Electrical and heating engineers are launching a joint initiative which aims to cut prequalification paperwork for electrical subcontractors. By next April, other sectors should also be feeling the benefit, writes Emma Crates
MENTION 'Prequalification' or 'Stage 1' assessments to the average small subcontractor and they will give you a jaded look.
It is not that the respectable subbie is averse to proving his credentials when bidding for work. It is just the proliferation of different types of paperwork that he has to fill out to appease each individual client.
In the past few years the red tape has multiplied to such an extent that smaller contractors now admit to being put off from bidding for certain jobs altogether.
Ambitious SMEs without the resources to put a dedicated team onto bidding will have to steer through completely different hurdles and questions, depending on which local authority, client, or major contractor they are chasing for work.
The cost can have a huge impact on their operations, which can be especially off-putting when, at the earliest stage of bidding, the statistical chances of being successful are much lower.
'In addition to local authority and client protocols, there are over 12 national schemes measuring health and safety competence, ' says the Electrical Contractors Association health and safety adviser, Paul Reeve. 'The situation has been getting worse. Each scheme is competing with the others to see which can produce the toughest criteria. This just adds to the burden of paperwork.'
But elect r ical engineers should soon be able to breathe a sigh of relief. The ECA and the Heating and Ventilation Contractors Association are collaborating on an in it iat ive wh ich, if it succeeds, should be a victory for common sense and ensure clients are asking the right questions, while taking less of a toll on the already-stretched resources of the smaller contractors.
At the end of this month the organisations are launching a set of 12 core criteria for assessing the basic health and safety competence of contractors during the prequalification process.
'The new criteria mean everyone will have a clear pictu re of what 'good' looks like, ' says Mr Reeve.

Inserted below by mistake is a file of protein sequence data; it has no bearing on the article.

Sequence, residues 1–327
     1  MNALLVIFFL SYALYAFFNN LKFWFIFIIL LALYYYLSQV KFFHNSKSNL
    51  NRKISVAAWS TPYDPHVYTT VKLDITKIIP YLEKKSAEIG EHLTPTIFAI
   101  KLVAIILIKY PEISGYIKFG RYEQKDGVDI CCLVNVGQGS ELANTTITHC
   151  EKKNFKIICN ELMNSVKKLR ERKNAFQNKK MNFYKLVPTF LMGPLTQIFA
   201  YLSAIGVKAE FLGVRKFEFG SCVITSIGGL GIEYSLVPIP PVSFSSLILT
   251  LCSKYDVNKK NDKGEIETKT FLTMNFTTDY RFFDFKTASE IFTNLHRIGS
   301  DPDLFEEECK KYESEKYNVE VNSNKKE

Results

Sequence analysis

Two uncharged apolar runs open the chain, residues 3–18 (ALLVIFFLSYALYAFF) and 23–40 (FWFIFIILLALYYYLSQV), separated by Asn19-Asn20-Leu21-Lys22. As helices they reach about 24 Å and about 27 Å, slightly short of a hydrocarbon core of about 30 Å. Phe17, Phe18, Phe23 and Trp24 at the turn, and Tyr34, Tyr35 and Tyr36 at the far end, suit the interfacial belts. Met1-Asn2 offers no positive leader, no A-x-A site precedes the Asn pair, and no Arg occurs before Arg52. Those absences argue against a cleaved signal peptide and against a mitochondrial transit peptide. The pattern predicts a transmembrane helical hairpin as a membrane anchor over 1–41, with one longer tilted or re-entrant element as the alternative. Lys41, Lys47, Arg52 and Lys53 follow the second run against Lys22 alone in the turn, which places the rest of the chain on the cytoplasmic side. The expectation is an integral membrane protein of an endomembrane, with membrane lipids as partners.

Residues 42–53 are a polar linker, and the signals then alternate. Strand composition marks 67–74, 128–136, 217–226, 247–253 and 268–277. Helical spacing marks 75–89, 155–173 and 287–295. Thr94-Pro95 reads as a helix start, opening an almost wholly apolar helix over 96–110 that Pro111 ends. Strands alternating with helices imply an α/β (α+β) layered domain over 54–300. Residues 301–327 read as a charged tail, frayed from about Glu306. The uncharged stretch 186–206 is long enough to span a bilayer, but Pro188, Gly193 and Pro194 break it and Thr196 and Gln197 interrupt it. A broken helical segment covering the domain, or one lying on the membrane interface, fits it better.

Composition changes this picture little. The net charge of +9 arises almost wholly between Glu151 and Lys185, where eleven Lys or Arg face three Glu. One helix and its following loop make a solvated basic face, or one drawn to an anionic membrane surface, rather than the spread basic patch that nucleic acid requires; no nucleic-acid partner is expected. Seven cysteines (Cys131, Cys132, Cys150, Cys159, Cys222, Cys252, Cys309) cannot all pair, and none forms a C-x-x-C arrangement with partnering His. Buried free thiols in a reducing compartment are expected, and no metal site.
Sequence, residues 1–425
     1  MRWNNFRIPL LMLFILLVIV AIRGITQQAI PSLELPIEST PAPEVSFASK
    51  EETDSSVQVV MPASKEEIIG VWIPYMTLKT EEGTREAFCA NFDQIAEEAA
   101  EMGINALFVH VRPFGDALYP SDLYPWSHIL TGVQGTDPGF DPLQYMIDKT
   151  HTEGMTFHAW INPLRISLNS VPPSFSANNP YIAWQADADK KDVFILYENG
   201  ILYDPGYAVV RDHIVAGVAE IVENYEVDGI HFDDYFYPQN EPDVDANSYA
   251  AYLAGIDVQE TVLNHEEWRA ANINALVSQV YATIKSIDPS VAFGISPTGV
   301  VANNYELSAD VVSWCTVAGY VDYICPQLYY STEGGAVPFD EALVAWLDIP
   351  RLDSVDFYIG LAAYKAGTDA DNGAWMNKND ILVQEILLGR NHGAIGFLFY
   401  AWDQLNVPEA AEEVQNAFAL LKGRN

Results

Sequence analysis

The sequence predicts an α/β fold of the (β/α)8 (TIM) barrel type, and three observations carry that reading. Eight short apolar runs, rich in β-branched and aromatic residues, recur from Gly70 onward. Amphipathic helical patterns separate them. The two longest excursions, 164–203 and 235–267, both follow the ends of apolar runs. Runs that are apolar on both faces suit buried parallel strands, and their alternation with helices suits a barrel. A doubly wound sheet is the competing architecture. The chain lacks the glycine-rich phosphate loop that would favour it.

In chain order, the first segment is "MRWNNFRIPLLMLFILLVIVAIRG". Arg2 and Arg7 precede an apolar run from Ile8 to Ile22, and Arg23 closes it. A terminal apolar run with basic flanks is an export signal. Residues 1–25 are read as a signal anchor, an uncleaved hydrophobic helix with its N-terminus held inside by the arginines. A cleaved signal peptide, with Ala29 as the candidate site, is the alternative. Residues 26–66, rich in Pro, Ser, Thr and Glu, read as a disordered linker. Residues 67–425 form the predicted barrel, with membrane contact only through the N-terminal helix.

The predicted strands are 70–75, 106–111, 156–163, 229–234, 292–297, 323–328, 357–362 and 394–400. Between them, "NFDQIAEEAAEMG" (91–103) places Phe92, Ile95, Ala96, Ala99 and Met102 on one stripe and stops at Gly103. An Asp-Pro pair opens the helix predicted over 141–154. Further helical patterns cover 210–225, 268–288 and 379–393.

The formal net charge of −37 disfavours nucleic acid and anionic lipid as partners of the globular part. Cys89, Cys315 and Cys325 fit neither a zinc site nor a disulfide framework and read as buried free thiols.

The criteria, which are supported by the Health and Safety Executive, evolved from the Major Contractors Group, whose members had been discussing among themselves what they should be ask ing their subcontrators. These were picked up by the ECA and HVCA, who have been carrying out their own work on them for the last two years. Eventually these core n See page 26 criteria - or something like them - could be used to assess a subcontractor in any field at prequalification stage. The criteria have been developed in ant icipat ion of the revised Construction Design and Management regulat ions. The guidelines will be incorporated to the CDM approved code of practice, which is to be introduced in April 2007.
But the ECA and HVCA have decided to embrace the concept six months early.
'The HSE came to us roughly th ree months ago and asked us to work with them. It was keen on the core criteria and wanted to get everyone used to the idea.'
But Mr Reeve stresses that the benefits of the criteria stretch far beyond the CDM regulations.
'There are many jobs, such as maintenance, that will never fall under CDM. But it's a good way of measuring contractors for any job, ' he says.
But if contractors receive the same standard questions each time, is there a danger that they could start paying lipservice to their safety requirements?
'We have to guard against that, ' agrees Mr Reeve.
'But the criteria are just the areas that people are making investigations into. It's the questions that you ask in support of the criteria that will give you an indication of competency.'